Sir Billy Connolly has revealed he finds the political correctness in modern comedy 'vomit-inducing' as he discussed his life with Parkinson's.

In an interview with his wife, Pamela Stephenson, the Big Yin talked about his favourite places, how his life has changed and his fury at "pr*cks" in politics.

The discussion, for the Guardian newspaper, also revealed Sir Billy has had a "couple of serious falls" after the illness caused his balance to deteriorate.

Stephenson said her husband's balance issue was the "most significant" symptom of the disease since his diagnosis 10 years ago.

READ MORE: Mary Beard on why Scots should not vote for independence

The Scottish comic said: "Recently I've noticed a deterioration in my balance.

"That was never such a problem before, but in the last year that has come and it has stayed.

"For some reason, I thought it would go away because a lot of the symptoms have come and gone away."

Sir Billy was diagnosed with Parkinson's disease in 2013, on the same day he found out he had prostate cancer, from which he has recovered.

While, he said, he enjoys being driven places, his relationship with his wife has changed significantly as she has become his primary caregiver.

Sir Billy's current favourite entertainment is "a school of black comedians who are generally in their 50s or 60s, and they are so politically incorrect it almost doesn’t bear watching."


He added: "It’s fantastically good for you. They just say it like it is – it’s breathtaking.

"That’s wonderful and I’m glad they exist, because the social worker-ation that has passed through comedy is vomit-inducing.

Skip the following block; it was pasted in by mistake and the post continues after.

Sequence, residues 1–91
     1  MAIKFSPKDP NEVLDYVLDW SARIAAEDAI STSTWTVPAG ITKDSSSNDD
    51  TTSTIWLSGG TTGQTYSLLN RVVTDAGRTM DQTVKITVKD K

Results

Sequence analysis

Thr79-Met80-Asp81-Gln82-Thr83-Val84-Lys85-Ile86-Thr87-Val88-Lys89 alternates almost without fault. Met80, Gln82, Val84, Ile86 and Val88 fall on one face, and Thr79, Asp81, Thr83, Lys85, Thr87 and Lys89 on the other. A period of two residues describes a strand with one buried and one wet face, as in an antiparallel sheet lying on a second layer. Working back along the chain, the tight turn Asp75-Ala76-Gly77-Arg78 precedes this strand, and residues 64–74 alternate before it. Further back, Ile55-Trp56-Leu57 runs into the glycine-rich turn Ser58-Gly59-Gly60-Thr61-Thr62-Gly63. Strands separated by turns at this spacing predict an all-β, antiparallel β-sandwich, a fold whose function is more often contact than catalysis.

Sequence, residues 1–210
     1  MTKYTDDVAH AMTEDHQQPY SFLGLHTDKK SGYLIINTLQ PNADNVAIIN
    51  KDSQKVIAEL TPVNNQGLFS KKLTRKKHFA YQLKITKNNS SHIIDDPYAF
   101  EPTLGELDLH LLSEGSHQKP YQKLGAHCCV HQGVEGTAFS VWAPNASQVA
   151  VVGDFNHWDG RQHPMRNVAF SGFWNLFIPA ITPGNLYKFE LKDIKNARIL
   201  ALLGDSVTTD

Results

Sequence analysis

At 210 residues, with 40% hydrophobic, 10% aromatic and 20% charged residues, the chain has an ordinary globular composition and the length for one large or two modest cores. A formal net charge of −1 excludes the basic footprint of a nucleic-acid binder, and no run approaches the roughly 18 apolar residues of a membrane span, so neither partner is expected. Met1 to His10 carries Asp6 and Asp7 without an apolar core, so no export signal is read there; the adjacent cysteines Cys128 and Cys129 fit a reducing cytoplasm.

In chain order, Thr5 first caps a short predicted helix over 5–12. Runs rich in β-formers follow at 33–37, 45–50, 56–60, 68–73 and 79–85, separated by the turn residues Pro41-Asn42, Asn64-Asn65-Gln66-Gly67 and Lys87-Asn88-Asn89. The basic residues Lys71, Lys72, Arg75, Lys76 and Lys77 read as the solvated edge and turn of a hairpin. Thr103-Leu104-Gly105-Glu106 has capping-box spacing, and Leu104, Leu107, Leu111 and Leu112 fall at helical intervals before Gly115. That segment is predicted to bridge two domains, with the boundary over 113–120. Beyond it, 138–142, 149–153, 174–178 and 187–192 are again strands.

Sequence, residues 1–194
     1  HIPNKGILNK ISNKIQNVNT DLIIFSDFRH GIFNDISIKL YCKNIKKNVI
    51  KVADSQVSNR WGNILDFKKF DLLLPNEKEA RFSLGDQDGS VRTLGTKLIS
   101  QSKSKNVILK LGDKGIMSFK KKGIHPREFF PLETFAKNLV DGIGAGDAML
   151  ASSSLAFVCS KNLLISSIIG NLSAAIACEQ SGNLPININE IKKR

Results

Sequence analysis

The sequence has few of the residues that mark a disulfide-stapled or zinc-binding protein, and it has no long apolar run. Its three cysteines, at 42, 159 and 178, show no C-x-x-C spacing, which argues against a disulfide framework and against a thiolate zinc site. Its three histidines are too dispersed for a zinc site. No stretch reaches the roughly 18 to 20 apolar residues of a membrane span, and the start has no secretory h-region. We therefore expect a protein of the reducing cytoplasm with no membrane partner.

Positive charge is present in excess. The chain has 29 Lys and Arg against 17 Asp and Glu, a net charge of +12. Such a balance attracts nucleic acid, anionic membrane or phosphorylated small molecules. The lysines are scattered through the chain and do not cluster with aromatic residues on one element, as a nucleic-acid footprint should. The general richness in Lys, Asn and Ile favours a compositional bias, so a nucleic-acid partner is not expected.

"Comedians never used to worry about what was correct to say. You said it, and you soon found out whether it was correct or not. And then you got on with it.

"And that was a good enough rule for me."

Asked where the best and worst places he has travelled to are, the 80-year-old said Liverpool had been the worst; he had been complacent during a gig and the audience responded accordingly.

To his wife's chagrin, he described Australia - "It’s clean and bright and healthy. And the people seem happy and delighted to be there" - as his favourite.

He had, she said, never made good on a promise to live in Australia.

Stephenson said: "You b*stard.

"You even promised me one hot Christmas (Australia) and one cold Christmas (Scotland), but it never happened. So now you’re saying you would have lived there?"

The couple also talk of their wedding in Fiji and a scuba-driving excursion that became a "near-death experience" when Sir Billy lost his weight belt while underwater.

Sir Billy's new book, the Rambling Man, is due for release shortly and he says, while he does not discuss politics in the book, the couple do discuss the issue in their Florida Keys home.

He gives a strident viewpoint on Republican presidential candidate Ron DeSantis - "he should be f*cked and burned" - and describes seeing neighbours with Trump decorations on their Christmas trees.

On retiring from performing five years after his Parkinson's diagnosis, he said he misses: "The fact that it doesn’t matter what kind of day you’re having; you’re gonna have a great night.

"You become this other guy … and have a great night that will last till the following day."

Parkinson's is the second most common neurodegenerative condition after Alzheimer's disease.

It causes parts of the brain to become progressively damaged over many years.

Loss of balance and the subsequent falls, Stephenson said, had been the "most significant" issue which had arisen from the disease.

Sir Billy said: "It's funny, that fall I had when I landed on my jaw reminded me of a thing I used to do on stage.

"I used to say: 'I fell out of bed, but luckily my face broke my fall...'"

Sir Billy said he felt like he was being "encroached upon" by the "cruel disease", adding that it was "creeping up behind me and stopping me doing things".

Sir Billy, a comedian and actor known for his observational and improvised stand-up comedy, was knighted in 2017 for services to entertainment and charity following a career which has spanned five decades.

Rambling Man: My Life on the Road by Billy Connolly is published by John Murray Press.